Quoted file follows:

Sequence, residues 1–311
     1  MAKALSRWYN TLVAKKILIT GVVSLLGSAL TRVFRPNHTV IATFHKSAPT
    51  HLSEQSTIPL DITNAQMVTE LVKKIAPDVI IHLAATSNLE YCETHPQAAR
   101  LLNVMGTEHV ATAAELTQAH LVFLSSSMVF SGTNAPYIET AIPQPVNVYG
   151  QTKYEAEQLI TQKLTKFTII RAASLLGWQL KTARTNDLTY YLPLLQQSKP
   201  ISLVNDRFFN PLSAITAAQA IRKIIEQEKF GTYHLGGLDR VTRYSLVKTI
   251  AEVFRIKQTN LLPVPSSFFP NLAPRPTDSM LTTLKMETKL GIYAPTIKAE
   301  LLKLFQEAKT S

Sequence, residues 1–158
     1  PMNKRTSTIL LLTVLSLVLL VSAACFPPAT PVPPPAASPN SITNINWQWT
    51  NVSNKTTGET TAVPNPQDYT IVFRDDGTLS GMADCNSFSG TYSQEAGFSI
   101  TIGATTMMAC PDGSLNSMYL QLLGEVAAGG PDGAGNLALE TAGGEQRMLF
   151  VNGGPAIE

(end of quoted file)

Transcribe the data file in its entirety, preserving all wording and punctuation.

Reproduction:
Sequence, residues 1–311
     1  MAKALSRWYN TLVAKKILIT GVVSLLGSAL TRVFRPNHTV IATFHKSAPT
    51  HLSEQSTIPL DITNAQMVTE LVKKIAPDVI IHLAATSNLE YCETHPQAAR
   101  LLNVMGTEHV ATAAELTQAH LVFLSSSMVF SGTNAPYIET AIPQPVNVYG
   151  QTKYEAEQLI TQKLTKFTII RAASLLGWQL KTARTNDLTY YLPLLQQSKP
   201  ISLVNDRFFN PLSAITAAQA IRKIIEQEKF GTYHLGGLDR VTRYSLVKTI
   251  AEVFRIKQTN LLPVPSSFFP NLAPRPTDSM LTTLKMETKL GIYAPTIKAE
   301  LLKLFQEAKT S

Sequence, residues 1–158
     1  PMNKRTSTIL LLTVLSLVLL VSAACFPPAT PVPPPAASPN SITNINWQWT
    51  NVSNKTTGET TAVPNPQDYT IVFRDDGTLS GMADCNSFSG TYSQEAGFSI
   101  TIGATTMMAC PDGSLNSMYL QLLGEVAAGG PDGAGNLALE TAGGEQRMLF
   151  VNGGPAIE